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Monday, July 30, 2018

Conundrum

Conundrum: noun, a confusing or difficult question or problem.  That is what our community has now a conundrum. The Spring wildfire destroyed 134 homes in our community - approximately half the homes in the community. The fire has gone and as the photo above reflects this is all that remains of 134 homes, dreams, lives and security. Scorched earth,  what used to be trees now reduced to pointers to the sky all black and charred.

People have gone from shock to discouraged and demoralized. As my friend Joe and myself drive around the community to survey road signs that were destroyed we go by these burned down homes. So far less than a handful of people are making any attempt to clean up the debris on their property. Why you might ask...good question.
Because the State and Federal authorities (bureaucrats all) have regulations and rules that prohibit a clean up any way but their way. The tin roofs have to be "washed on site" before they can be moved to a central location. The ashes from what used to be homes has to be wet down, double bagged in 6 mil. bags or enclosed in 6 mill sheets of plastic in a dumpster on all sides. As anyone knows wet ashes are sticky, heavy and will cling to a shovel. They are just plain a mess to deal with. Now add the goggles in the hot of the day with flies, a hazmat suit, rubber boots and gloves and guess how long you can endure this procedure.
Thus far the bureaucrats have not determined how to dispose of the cement from foundations. Based on the above two procedures it is a sure bet it won't be practical.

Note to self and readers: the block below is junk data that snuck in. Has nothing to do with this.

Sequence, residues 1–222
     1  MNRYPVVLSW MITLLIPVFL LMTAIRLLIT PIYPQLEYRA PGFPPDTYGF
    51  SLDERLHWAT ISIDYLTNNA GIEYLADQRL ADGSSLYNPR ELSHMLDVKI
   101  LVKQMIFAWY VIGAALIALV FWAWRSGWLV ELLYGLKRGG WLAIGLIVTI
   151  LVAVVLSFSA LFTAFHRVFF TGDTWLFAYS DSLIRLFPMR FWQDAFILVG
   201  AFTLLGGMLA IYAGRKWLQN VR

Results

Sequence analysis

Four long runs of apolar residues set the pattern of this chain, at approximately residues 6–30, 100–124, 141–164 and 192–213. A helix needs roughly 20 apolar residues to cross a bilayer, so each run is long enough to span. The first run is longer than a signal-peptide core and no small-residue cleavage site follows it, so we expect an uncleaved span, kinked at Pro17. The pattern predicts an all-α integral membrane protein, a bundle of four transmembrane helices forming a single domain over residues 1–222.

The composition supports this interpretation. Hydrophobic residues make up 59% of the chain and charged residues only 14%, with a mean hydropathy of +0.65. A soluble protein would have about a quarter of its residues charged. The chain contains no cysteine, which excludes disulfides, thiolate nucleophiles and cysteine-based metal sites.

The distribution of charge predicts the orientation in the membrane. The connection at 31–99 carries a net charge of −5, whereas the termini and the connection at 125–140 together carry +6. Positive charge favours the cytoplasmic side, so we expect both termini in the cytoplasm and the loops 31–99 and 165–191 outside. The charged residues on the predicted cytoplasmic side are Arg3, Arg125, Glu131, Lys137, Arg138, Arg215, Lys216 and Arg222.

FEMA finally showed up and they have given us one day to provide them with the name and telephone number of those who lost their homes. Also to advise if they were insured, under insured or not insured. With people now scattered to the four winds it shows how interested they are in helping.
So this is a conundrum as to how to deal with bureaucratic procedures and plan to rebuild. Is it any wonder why people are discouraged and are more than likely going to take the insurance money and walk away.  Some already have made their intentions known and done so.
So what happens to the debris on their property in 1-3 years. It stays right there and it should be no surprise that they won't pay HOA dues or property taxes. Where does that leave the HOA and those who remain? Where does that leave the county and its significant loss of revenue? Well the bureaucrats don't much care if the county, HOA or anyone else has to continually suffer as they have their regulations and those rules and regulations identify their self importance. If a community fails or the county suffers that is not their fault. So how do you deal with these myopic bureaucrats? You don't because they are unwavering.
Supposedly this is done to protect us from asbestos. Asbestos was outlawed in the early 70's and the oldest home in our community was built in 1986. So where does this asbestos come from? Not a concern for a bureaucrat, the regulations are clear.
So having read this far you can see the conundrum, except in this case there is no solution and people are continuing to be victimized. It will be the slow death of a community. Paradise lost. 

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